Model NumberUPC NumberDistribution DateDescription
A26I06831249584485February 20085-6 long black metal canister with a black metal lid, a wick and a wick cap made of either dark metal or wood. The canister is wrapped with red bamboo.
A26I00371249597837Between April 2008 - March 20095-6 long black metal canister with a black metal lid, a wick and a wick cap made of either dark metal or wood. The canister is wrapped with red bamboo.
A26I0943639277779885February 20095-6 long black canister with a black metal lid, a wick and no wick cap. The product is sold in packages of 2. The canister is wrapped with light beige and dark brown intertwined bamboo.

For additional information, contact Atico International USA toll-free at (866) 448-7856 between 9 a.m. and 5 p.m. ET Monday through Friday or visit the companys website at www.aticousa.com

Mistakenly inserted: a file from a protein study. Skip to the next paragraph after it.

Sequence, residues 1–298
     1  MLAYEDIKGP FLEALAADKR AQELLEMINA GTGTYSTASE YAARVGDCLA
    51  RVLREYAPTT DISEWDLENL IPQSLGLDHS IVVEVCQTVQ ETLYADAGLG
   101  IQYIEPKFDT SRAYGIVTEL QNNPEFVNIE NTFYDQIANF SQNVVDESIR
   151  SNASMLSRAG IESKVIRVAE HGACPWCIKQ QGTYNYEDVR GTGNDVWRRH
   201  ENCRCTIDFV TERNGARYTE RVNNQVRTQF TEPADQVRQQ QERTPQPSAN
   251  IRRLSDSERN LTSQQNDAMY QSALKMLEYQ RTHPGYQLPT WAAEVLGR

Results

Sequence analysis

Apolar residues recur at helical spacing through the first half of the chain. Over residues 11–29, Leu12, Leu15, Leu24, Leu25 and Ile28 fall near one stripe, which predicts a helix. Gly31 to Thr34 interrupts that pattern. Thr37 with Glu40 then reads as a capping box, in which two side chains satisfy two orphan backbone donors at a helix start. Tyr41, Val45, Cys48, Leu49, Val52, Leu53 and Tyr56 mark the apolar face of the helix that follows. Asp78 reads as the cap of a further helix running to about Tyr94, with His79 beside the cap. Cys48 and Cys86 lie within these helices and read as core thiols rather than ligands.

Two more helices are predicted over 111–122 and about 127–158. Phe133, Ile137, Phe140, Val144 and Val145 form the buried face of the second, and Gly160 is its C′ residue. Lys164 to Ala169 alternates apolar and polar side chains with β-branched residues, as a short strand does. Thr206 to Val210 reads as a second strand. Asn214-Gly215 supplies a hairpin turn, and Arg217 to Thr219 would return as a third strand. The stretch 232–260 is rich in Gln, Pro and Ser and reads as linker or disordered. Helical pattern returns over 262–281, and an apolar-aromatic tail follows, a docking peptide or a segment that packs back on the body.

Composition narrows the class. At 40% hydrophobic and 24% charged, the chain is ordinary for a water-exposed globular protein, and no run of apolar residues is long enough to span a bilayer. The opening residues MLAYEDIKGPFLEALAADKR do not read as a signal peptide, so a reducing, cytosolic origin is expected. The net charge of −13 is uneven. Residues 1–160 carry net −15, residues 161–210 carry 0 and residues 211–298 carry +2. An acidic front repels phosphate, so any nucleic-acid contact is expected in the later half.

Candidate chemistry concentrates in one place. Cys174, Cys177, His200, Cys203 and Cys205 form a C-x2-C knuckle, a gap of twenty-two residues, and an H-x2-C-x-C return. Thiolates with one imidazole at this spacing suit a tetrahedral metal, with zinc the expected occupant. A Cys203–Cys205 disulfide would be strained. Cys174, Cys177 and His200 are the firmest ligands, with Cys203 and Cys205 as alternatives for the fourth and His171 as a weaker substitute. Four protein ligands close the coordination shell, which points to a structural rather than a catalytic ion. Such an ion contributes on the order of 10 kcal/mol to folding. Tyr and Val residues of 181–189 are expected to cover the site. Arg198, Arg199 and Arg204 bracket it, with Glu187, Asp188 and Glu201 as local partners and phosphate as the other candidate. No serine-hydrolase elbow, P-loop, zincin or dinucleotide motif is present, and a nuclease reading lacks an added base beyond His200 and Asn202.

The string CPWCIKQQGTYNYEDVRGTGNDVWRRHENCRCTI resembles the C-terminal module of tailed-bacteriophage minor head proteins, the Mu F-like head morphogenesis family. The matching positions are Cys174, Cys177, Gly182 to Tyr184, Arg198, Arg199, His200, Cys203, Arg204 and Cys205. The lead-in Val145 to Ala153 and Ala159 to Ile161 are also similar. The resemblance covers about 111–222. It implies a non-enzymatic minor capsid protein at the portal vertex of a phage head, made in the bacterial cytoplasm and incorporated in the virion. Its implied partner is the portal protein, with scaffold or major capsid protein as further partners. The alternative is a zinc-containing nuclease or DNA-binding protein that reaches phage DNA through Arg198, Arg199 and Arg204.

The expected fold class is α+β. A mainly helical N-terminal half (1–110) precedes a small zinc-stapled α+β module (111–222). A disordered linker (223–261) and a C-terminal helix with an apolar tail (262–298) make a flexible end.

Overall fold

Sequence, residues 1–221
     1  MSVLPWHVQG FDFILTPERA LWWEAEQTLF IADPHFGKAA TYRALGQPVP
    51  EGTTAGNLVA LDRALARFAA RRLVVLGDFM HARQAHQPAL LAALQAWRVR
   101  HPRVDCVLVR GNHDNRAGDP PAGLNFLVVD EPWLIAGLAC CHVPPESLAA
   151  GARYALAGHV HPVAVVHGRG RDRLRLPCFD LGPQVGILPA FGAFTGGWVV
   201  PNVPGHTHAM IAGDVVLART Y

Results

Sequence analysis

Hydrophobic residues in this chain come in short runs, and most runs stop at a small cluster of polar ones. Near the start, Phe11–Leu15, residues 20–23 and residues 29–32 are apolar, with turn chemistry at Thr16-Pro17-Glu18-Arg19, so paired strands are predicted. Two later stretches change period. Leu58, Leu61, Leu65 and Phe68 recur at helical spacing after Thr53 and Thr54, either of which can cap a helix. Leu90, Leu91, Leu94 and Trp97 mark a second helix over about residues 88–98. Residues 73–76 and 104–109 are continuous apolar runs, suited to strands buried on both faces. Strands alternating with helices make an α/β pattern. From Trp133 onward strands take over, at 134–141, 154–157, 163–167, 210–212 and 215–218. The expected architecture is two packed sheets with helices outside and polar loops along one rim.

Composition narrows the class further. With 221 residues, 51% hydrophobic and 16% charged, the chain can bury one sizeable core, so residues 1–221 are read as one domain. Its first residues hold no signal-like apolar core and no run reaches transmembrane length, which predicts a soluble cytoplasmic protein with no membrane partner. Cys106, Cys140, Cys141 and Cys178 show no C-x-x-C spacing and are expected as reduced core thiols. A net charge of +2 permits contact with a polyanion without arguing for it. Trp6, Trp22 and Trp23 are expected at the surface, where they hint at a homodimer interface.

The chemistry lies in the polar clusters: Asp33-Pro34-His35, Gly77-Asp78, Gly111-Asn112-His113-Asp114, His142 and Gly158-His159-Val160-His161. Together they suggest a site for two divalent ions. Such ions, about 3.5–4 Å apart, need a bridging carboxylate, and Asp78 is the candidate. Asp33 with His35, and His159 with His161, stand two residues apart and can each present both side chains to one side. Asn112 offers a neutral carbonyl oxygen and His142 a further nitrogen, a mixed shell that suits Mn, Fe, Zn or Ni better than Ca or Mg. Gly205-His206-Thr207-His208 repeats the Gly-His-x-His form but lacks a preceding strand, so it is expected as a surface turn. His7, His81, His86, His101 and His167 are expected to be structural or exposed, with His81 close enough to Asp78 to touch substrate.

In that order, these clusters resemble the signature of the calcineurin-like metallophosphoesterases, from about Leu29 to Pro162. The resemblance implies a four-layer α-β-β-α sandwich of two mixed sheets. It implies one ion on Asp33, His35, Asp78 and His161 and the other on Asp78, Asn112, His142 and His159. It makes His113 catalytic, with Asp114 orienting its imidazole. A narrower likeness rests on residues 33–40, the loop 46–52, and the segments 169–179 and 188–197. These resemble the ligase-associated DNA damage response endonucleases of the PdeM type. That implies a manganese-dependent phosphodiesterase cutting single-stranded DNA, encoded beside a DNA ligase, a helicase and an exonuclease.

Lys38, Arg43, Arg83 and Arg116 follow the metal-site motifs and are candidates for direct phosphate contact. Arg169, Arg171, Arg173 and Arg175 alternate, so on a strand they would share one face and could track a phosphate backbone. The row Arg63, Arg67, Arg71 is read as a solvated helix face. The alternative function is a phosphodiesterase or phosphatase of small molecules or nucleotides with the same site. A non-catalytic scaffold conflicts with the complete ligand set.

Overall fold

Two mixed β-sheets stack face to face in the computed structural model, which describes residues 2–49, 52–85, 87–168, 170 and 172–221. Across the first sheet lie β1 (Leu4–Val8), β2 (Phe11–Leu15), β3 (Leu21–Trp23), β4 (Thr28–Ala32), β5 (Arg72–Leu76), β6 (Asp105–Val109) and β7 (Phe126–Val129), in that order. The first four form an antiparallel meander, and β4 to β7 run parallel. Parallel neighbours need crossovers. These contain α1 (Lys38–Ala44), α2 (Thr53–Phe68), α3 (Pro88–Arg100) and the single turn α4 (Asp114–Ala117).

The recall is being conducted in cooperation with the U.S. Consumer Product Safety Commission (CPSC).

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Survey: Drug Therapy Best Treatment for Children With ADHD

Parents apparently not bothered by ADHD label

Survey: Drug Therapy Best Treatment for Children With ADHD...


A Consumer Reports Health survey finds 67 percent of parents asked to rate the most effective treatments for ADHD identified drug therapy as most helpful, followed by 45 percent who said switching to a school better suited to help with the condition helped a lot.

The report provides detailed guidance on two classes of drugs to treat ADHD (stimulants and non-stimulants). In a related blog, Consumer Reports' medical adviser, Dr. Orly Avitzur, discusses how the ADHD label has evolved, as evidenced by the small fraction of parents -- only 22 percent -- who said it was problematic having a child labeled as having ADHD.